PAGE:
We went looking for food and news. Food was scarce, news was plentiful. The doors had been thrown open. Everyone was admitted, ticketed or not. AND the music was starting!
We headed for the concert. The music was delayed until about seven: it was hard to get performers to the stage through a crowd that would have qualified as the biggest city in Kentucky. Finally a regional combo took the stage; the Allman Brothers. They were pretty good. As they heated up the temperature plunged down to about the mid-nineties. The band played until midnight when miraculously the heavens opened and, for about 15 minutes Governor Maddox’s rain poured down. While it fell, it was a relief and, I suppose, a few chickens were saved in the neighborhood. When it stopped, the heat returned and brought mud and soaked stage equipment.
There was another delay as new equipment was being set up for the next act (“Mountain”, I believe). I embarked on a new thought experiment. I put myself back in the bookmobile, windows open, night air coursing through, heading north to a rendezvous with a shower; indoor, not heavenly.
The music continued through the night and it was very fine, but as the sky just began to lighten, Cody uttered three magical syllables; “I’m done. You?”
We retraced our trudge and arrived back at the bookmobile in time to witness a primordial sight. The Governor had ordered the abandoned vehicles to be towed away from the highways. The steamy mist of dawn made the herd of tow-trucks look like dinosaurs prowling through a savannah. The car that blocked our path to the ramp was being hoisted as we unlocked our doors. The tow-truck operator looked relieved. He wasn’t quite sure how he was gonna hook up a bookmobile. We trundled (an accurate word – bookmobiles don’t fare easily off-road. Tuck that tidbit away for future reference.) We trundled up the ramp, over to the north-bound ramp, and away from all that peace and love. We bid adios to Byron, Georgia, a town whose population had swollen from 4,000 to 604,000 overnight.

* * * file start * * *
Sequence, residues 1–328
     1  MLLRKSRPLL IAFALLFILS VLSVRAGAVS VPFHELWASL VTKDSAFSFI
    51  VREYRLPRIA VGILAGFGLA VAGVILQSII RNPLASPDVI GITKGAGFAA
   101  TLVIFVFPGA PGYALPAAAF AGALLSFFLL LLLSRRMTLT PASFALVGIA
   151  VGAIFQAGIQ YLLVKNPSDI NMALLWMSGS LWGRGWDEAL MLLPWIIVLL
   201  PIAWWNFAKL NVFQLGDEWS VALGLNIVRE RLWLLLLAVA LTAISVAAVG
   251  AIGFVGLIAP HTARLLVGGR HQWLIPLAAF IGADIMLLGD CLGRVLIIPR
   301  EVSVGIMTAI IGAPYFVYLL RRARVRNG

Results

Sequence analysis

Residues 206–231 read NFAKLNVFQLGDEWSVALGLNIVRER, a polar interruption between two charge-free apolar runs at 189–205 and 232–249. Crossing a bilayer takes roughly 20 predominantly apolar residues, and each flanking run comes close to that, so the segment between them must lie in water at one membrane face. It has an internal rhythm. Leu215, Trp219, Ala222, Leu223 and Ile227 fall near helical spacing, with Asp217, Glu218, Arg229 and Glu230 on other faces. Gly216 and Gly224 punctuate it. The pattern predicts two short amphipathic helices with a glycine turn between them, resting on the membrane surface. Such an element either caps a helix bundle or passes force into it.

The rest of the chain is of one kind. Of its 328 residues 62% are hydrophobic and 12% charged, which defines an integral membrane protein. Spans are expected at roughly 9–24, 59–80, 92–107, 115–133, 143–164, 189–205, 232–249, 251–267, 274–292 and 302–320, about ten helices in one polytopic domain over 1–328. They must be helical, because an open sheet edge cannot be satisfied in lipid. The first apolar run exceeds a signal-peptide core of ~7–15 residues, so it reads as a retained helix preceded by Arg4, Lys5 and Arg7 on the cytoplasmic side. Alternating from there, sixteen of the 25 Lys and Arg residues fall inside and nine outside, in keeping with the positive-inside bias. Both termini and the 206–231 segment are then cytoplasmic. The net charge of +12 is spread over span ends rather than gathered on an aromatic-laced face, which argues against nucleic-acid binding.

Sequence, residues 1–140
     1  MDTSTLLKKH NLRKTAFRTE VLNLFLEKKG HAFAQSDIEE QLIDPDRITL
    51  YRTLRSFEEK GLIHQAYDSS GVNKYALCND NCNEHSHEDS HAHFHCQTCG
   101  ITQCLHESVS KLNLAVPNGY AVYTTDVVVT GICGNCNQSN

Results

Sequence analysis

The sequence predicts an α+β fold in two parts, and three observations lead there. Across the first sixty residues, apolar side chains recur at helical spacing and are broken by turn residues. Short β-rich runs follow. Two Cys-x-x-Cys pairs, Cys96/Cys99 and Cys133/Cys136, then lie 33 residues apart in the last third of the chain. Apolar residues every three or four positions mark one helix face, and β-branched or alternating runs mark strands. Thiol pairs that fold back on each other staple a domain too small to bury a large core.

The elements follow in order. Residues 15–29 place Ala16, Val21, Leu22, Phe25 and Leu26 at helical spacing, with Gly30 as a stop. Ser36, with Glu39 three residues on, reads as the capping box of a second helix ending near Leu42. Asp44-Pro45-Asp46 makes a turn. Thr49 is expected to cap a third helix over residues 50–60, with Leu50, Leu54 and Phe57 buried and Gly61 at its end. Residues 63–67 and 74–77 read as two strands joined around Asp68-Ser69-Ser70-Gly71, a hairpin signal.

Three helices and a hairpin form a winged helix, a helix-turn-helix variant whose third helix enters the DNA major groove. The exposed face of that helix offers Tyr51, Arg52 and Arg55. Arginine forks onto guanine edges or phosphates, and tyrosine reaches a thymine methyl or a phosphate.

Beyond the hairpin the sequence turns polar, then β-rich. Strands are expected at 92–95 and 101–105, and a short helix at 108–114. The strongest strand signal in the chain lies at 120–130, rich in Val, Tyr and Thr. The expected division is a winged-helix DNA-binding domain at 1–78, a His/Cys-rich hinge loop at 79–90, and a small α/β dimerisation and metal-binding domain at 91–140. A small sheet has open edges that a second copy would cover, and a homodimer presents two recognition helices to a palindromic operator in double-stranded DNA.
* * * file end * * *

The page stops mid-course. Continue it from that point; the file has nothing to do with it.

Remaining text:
There were adventures getting back home, thermostat problems and the Tennessee gas station attendant eager to relive how he and his buddies had run the local hippie commune out of town (I think our pristine condition, the result of rain, heat, mud, sweat, and no sleep might have triggered his bout of nostalgia).
Finally we reached Kentucky and once more began to breathe the sweet, humid, night air of hope.
By the time we got to the town of Liberty, our spirits had revived enough to remember it was still July 4. There was an Independence Day celebration happening in Liberty’s courthouse square. A flatbed trailer had been populated with local musicians (not the Allman Brothers). There was food and dancing.
Liberty was about half the size of Byron, but they were enjoying their own celebration of peace and love.
I wanted to stay at this one.
No one was praying for the chickens.
They were fryin’ ‘em.
Give me Liberty…or my $14 back.
There are some accurate facts in this tale……some.
There’s a bit more truth in the tale……a bit.